At least 39 people were killed after a fire broke out at a migration center along the U.S.-Mexico border, officials said Tuesday.
Authorities believe the fire was caused by a protest initiated by some of the migrants detained at the center “after we think, they found out they’d be deported,” according to Mexican President Andrés Manuel López Obrador.
Based on initial reports, migrants put small mattresses at the door of the shelter and set them on fire “as a form of protest,” López Obrador said in a press conference Tuesday morning. “They didn’t imagine this would cause this misfortune.”
The fire began after 9 p.m. Monday night at the migration center run by the National Migration Institute in Ciudad Juárez, the agency said in a statement. The migrants at the facility had been detained by authorities.
While the National Migration Institute did not immediately reveal the cause of the fire, the agency said that it “strongly rejects the acts that led to this tragedy,” without elaborating on what they may have been.
Dozens more were injured, with 29 people taken to four hospitals in “delicate-serious condition,” the agency said, adding that there were 68 men from Central America and South America — mainly Venezuela — being held in the facility at the time of the fire.
Authorities haven’t released any victims’ names, López Obrador said. But Guatemala’s General Directorate of Migration confirmed that 28 Guatemalans were among the fatal victims.
According to the country’s prosecutor general, which has initiated an investigation, 13 Hondurans, 12 Salvadorans, 12 Venezuelans, a Colombian and an Ecuadorian person were among the 68 people affected by the blaze.
Consular teams were also being engaged to further identify the deceased, officials said.
Francisco Garduño Yañez, commissioner of the National Migration Institute, was visiting the local hospitals where the injured migrants were taken “to check on their health conditions,” the agency said in a tweet.
The agency also said that immigration authorities “will provide Visitor Cards for Humanitarian Reasons to the injured and will cover the medical requirements for a speedy recovery.” Migrants who are seeking refugee status or were victims of a crime in Mexico can be eligible for these cards.
‘Smoke started coming out of everywhere’
Images showed rows of bodies laid out under silver sheets as rescue teams, firefighters and police responded to the scene.
Amid that chaos, a Venezuelan migrant, Viangly Infante, had been desperately looking for her 27-year-old husband, Eduard Caraballo.
Caraballo was one of many migrants who had been picked up by Mexican authorities on Monday and detained at the National Migration Institute center, Infante said.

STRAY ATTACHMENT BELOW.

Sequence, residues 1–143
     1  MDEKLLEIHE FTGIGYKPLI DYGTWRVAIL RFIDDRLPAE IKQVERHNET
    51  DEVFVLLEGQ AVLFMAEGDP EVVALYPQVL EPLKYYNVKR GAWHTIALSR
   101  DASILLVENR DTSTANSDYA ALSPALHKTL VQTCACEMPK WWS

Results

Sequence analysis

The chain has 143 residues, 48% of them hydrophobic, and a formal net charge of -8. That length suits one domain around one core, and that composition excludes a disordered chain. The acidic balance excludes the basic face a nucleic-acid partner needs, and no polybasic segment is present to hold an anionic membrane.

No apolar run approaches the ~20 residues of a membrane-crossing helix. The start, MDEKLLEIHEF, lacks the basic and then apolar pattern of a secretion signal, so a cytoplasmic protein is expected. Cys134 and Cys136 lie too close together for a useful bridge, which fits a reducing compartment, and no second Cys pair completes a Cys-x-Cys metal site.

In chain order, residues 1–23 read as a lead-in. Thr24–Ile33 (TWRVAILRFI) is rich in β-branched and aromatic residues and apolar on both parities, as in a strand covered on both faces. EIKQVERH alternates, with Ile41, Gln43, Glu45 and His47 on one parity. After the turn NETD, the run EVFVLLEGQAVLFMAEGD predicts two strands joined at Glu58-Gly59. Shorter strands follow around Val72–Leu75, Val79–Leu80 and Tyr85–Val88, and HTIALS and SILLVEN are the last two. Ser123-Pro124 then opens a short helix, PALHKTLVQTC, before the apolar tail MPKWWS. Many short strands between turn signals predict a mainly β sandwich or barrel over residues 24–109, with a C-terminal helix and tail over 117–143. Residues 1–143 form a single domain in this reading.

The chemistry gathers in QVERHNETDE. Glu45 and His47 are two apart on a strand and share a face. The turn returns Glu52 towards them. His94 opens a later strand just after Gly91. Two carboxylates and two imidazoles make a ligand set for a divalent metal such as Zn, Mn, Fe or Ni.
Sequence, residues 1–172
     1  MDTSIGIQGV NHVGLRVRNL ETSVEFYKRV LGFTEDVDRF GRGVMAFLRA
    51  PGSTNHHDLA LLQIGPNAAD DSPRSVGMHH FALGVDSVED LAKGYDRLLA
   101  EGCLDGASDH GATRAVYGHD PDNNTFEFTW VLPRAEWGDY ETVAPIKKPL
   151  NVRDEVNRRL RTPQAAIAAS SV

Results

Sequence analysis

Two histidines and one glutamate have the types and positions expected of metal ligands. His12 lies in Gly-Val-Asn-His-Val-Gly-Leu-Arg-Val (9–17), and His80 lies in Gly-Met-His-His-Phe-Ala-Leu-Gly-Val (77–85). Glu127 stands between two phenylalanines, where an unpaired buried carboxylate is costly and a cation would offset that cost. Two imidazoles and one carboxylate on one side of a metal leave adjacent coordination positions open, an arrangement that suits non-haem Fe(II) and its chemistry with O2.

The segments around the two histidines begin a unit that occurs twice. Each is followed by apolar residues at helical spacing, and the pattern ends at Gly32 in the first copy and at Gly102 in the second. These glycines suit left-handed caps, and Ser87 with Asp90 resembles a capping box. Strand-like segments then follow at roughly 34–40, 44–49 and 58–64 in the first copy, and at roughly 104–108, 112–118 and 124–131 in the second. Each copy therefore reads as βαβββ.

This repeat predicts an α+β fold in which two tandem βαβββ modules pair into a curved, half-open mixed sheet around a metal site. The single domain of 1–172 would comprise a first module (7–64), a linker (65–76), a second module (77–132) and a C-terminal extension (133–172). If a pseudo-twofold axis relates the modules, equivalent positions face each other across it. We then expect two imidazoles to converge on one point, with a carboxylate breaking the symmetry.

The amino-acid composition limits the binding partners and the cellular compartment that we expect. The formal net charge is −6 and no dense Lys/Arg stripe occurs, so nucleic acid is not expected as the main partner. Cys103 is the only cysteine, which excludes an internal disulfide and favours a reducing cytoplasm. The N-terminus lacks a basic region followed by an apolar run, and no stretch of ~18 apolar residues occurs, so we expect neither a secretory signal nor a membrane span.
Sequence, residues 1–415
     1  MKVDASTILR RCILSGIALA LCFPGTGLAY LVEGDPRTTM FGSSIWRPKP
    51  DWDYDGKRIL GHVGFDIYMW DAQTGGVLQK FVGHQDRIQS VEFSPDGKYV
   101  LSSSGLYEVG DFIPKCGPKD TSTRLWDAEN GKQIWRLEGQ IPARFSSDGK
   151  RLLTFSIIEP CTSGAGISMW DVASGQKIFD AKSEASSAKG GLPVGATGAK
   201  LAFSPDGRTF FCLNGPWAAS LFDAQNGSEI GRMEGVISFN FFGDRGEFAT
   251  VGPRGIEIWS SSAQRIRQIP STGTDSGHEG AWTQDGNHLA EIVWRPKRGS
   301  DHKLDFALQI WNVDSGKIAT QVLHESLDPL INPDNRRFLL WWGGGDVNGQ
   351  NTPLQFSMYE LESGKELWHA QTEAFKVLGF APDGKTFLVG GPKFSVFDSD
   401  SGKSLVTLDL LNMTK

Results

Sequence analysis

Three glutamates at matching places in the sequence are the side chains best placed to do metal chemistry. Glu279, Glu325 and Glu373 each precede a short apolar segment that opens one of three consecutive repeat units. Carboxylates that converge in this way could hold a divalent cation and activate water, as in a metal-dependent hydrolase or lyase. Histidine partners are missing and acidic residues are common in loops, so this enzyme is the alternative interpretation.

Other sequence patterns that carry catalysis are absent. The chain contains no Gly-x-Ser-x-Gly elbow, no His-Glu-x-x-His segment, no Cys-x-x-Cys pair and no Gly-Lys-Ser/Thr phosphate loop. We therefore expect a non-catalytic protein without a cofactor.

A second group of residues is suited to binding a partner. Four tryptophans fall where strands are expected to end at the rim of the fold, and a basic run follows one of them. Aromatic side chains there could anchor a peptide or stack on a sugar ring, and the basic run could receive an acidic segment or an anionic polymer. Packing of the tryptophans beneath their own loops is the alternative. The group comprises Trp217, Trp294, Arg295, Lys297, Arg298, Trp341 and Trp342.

“I was here since one in the afternoon waiting for the father of my children, and when 10 p.m. rolled around, smoke started coming out from everywhere,” she told Reuters.
Her husband did survive, Infante said, by dousing himself in water and pressing against a door.
Betty Camargo, state programs director at the Border Network for Human Rights (BNHR), a human rights advocacy and immigration reform organization in the U.S.-Mexico border, told NBC News she has been speaking to migrants who witnessed the fire at the center and the events that preceded it.
Authorities inside the center told some of the migrants detained they were being deported, even though many of them did have temporary work permits that get renewed every month, Camargo said. The migrants said they were told such permits would be taken away from them, she added.
Fernando García, BNHR’s executive director, said these migration centers “should not be detention centers.”
Most migration centers run by the National Migration Institute are meant to serve as a processing center and “a centro de alojamiento” (shelter) meant for short stays for migrants in transit.
This has prompted the organization to call for an investigation into the fire at the facility.
The facility, in Chihuahua state, is on the Mexico side of a bridge that connects Ciudad Juárez and El Paso.
Ciudad Juarez is a major crossing point for migrants trying to make the journey across the border to the United States.
Its shelters are full of migrants waiting for opportunities to cross or who are waiting out the asylum process.
In recent years, as Mexico has stepped up efforts to stem the flow of migration to the U.S. border under pressure from Washington, its National Immigration Institute has struggled with overcrowding in its facilities.